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Schizophr Bull. 2013 Nov;39(6):1343-51. doi: 10.1093/schbul/sbs117. Epub 2012 Oct 8.

Functional connectivity measures after psilocybin inform a novel hypothesis of early psychosis.

Author information

  • 1To whom correspondence should be addressed; Imperial College London, Centre for Neuropsychopharmacology, Burlington Danes Building, 160 Du Cane Rd, London, UK. r.carhart-harris@imperial.ac.uk.

Abstract

Psilocybin is a classic psychedelic and a candidate drug model of psychosis. This study measured the effects of psilocybin on resting-state network and thalamocortical functional connectivity (FC) using functional magnetic resonance imaging (fMRI). Fifteen healthy volunteers received intravenous infusions of psilocybin and placebo in 2 task-free resting-state scans. Primary analyses focused on changes in FC between the default-mode- (DMN) and task-positive network (TPN). Spontaneous activity in the DMN is orthogonal to spontaneous activity in the TPN, and it is well known that these networks support very different functions (ie, the DMN supports introspection, whereas the TPN supports externally focused attention). Here, independent components and seed-based FC analyses revealed increased DMN-TPN FC and so decreased DMN-TPN orthogonality after psilocybin. Increased DMN-TPN FC has been found in psychosis and meditatory states, which share some phenomenological similarities with the psychedelic state. Increased DMN-TPN FC has also been observed in sedation, as has decreased thalamocortical FC, but here we found preserved thalamocortical FC after psilocybin. Thus, we propose that thalamocortical FC may be related to arousal, whereas DMN-TPN FC is related to the separateness of internally and externally focused states. We suggest that this orthogonality is compromised in early psychosis, explaining similarities between its phenomenology and that of the psychedelic state and supporting the utility of psilocybin as a model of early psychosis.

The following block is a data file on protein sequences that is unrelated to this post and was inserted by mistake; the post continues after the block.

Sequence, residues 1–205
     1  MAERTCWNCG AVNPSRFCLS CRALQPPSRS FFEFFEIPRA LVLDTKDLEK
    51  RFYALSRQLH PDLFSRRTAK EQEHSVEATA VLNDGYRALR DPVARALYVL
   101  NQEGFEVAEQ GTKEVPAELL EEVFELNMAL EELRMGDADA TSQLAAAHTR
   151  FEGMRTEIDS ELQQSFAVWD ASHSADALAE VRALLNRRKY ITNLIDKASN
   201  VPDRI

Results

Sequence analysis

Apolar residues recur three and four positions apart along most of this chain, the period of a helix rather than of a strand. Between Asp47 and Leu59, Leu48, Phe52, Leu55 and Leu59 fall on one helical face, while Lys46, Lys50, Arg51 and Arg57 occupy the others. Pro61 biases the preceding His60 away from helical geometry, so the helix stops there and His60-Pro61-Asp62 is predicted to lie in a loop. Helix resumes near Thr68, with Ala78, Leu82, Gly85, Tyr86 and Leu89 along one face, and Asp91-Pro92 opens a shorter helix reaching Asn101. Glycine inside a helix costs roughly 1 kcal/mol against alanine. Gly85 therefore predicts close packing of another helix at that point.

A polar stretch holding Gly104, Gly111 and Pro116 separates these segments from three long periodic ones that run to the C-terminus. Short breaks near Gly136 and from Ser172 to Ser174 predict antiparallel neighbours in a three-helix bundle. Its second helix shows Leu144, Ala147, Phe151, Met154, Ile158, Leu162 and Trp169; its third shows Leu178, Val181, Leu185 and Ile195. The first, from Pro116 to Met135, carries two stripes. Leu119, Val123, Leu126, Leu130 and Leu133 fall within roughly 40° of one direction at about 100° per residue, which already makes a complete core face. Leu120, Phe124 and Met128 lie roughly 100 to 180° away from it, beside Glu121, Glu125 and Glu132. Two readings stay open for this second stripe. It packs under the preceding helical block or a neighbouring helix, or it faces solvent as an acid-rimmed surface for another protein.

KEYWORDS:

5-HT; at-risk mental state; consciousness; default-mode network; psychedelics; psychosis; resting-state networks; serotonin

PMID:
23044373
[PubMed - indexed for MEDLINE]
PMCID:
PMC3796071
Free PMC Article
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